Traditional Pomo Cultural Arts With a Twist

Exhibit and demonstrations by Meyo Marrufo, Denise & Luwana Quitiquit of the Robinson Rancheria in Lake County

Traditional Pomo Baby Carriers made from peeled and unpeeled willow, handmade dogbane twine and cordage by Luwana Quitiquit.
Traditional Pomo Baby Carriers (Sika) Peeled & unpeeled willow,

This group of extraordinary artists exemplifies the resurgence in restoring the traditional survival, cultural and regalia arts of the ancient Pomo groups of the Clear Lake region.

Using only materials traditional to their area’s culture – tules, willows, cattails, and dogbane (used for cordage & twine) – an assemblage of utilitarian implements: baskets, traps, baby carriers and children’s toys, are constructed with age-old techniques.

Tule Bittern Bird Toys by Luwana Quitiquit.
Tule Bittern Bird Toys by Luwana Quitiquit

Luwana Quitiquit, whose niece, Meyo Marrufo, says, “can make anything,” has perfected the technique for making a traditional child’s toy from tule, of the omnipresent bittern birds of Clear Lake’s tule marshes.

She is renowned for her baby carriers (sika in the Pomo language) and may be the only weaver working today to make a truly traditional sika; using only indigenous materials including handmade dogbane cordage & twine, in place of the usual commercial cotton cord or fish line, to secure the rods of peeled and unpeeled willow.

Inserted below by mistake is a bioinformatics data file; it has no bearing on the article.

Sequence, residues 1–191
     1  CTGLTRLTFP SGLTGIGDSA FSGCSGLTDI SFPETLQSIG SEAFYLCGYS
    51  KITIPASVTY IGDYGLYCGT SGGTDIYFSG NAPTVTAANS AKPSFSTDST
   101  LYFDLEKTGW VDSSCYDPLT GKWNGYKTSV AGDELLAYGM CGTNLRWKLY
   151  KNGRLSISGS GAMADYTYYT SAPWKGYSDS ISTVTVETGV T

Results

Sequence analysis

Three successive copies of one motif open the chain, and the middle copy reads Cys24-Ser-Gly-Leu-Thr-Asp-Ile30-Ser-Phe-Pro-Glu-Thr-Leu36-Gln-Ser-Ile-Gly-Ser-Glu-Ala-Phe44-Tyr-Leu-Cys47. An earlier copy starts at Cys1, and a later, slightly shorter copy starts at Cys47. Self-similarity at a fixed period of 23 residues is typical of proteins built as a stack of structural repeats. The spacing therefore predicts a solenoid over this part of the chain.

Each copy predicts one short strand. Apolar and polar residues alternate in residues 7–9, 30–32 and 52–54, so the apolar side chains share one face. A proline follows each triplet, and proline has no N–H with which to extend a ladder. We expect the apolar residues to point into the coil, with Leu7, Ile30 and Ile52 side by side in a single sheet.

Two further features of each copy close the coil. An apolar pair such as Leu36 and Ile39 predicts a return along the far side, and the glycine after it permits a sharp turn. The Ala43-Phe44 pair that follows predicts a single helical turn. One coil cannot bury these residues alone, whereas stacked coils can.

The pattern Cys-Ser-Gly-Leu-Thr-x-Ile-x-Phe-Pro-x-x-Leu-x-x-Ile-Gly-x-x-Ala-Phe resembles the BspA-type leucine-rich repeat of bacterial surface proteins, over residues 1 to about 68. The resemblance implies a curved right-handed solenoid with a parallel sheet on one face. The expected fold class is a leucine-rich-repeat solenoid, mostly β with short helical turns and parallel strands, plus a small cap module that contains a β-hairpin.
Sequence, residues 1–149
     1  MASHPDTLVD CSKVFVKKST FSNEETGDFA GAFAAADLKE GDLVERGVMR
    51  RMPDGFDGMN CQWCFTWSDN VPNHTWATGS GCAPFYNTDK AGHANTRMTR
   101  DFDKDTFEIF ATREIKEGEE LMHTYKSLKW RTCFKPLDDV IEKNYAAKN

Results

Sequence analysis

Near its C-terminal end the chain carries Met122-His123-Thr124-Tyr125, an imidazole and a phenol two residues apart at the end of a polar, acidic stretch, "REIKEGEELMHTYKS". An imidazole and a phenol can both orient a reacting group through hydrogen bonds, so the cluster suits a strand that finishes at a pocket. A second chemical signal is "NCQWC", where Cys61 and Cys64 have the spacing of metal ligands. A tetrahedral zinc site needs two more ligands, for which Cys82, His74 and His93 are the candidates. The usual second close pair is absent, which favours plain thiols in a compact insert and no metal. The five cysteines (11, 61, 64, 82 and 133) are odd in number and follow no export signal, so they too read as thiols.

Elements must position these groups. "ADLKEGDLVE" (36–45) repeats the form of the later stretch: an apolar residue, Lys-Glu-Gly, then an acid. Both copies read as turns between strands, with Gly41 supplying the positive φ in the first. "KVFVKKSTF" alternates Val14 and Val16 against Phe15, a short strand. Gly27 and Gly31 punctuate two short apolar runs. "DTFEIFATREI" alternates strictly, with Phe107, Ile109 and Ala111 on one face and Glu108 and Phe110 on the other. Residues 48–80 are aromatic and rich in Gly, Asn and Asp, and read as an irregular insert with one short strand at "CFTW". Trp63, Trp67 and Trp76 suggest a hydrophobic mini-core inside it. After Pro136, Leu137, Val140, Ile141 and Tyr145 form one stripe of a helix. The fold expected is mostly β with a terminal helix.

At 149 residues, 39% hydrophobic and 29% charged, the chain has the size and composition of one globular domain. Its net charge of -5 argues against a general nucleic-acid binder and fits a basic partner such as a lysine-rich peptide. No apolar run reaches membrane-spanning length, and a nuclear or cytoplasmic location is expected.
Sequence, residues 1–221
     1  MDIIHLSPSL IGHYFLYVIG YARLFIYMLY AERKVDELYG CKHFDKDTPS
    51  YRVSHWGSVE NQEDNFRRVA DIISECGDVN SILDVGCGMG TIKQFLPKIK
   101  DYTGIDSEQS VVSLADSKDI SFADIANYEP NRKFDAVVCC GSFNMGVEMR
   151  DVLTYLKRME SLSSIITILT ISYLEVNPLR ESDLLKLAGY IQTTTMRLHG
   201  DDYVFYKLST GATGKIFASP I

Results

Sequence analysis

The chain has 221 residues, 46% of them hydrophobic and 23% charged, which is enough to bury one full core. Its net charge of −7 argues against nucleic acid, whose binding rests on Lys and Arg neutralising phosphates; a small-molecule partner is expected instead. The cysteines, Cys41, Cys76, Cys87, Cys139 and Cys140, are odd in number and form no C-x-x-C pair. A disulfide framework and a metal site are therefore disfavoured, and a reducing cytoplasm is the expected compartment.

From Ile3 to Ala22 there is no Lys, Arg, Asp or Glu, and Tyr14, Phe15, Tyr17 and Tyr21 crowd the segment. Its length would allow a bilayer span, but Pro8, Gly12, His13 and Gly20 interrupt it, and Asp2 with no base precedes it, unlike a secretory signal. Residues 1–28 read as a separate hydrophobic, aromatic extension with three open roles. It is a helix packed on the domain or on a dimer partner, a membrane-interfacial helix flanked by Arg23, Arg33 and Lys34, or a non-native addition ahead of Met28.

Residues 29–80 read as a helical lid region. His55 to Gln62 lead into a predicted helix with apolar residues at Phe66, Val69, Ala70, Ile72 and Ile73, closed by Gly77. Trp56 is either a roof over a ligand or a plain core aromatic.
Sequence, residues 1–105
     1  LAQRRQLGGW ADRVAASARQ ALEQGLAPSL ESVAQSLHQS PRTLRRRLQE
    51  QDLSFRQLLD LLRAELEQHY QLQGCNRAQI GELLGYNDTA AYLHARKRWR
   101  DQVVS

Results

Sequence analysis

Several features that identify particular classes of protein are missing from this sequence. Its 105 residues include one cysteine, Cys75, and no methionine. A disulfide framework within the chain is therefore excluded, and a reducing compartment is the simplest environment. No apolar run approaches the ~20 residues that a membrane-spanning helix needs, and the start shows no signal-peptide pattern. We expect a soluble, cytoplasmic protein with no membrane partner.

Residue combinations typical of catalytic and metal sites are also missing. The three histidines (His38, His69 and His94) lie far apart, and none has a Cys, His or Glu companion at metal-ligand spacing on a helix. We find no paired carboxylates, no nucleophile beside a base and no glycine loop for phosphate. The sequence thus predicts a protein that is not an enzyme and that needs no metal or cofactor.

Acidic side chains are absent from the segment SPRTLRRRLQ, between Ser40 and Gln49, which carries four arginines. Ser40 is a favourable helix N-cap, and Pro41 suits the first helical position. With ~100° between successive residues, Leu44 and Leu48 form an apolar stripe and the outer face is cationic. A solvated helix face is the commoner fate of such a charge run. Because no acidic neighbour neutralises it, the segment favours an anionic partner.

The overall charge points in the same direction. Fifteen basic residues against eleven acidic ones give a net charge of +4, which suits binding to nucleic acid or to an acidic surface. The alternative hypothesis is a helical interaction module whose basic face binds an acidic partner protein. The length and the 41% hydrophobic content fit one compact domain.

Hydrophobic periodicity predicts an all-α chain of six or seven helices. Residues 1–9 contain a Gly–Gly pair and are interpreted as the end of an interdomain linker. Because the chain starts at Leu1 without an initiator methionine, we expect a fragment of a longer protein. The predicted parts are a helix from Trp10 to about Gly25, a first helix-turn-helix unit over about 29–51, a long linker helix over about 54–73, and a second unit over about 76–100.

Tule boat by Luwana Quitiquit and Meyo Marrufo.
Pomo Dolls, Redwood with tule skirt, clamshell eyes dogbane hair, Tule dolls shred. Tule boat. by Luwana Quitiquit & Meyo Marrufo.

Meyo Marrufo is well known for making beautiful jewelry and traditional dance regalia using acutely shaped abalone shell, clam shell, pine nuts, glass beads, feathers and cordage. She is also a founding member of an active traditional Pomo dance group.

A featured specialty; she has developed an innovative collection of “Regaled Teddy Bears,” dressed with traditionally designed and fashioned regalia and jewelry; one even has a miniature baby carrier with baby bear at its side.

The Gallery is located in the Historic District of Folsom, open Wednesday through Sunday 10:00 to 5:00

The Traditional Pomo Cultural Arts are available March 1 to April 6. See the demonstrations March 8 & 9, between 10:00 to 5:00. The Second Saturday Reception is on March 8 between 5:00 to 9:00.

Seaweed gathering/drying tray by Luwana Quitiquit. Unfinished quail trap by Meyo Marrufo. Both made of unpeeled willow.
Seaweed gathering/drying tray by Luwana Quitiquit. Unfinished quail trap by Meyo Marrufo. Both made of unpeeled willow.

Courtney Puffer is a writer and art dealer, who runs Pacific Western Traders with his father, Herb, in Folsom, California. Courtney is extremely knowledgeable about native American art and customs. Sadly, Courtney passed away on 17th September, 2008, while on a business trip, but his writing lives on at NewsBlaze.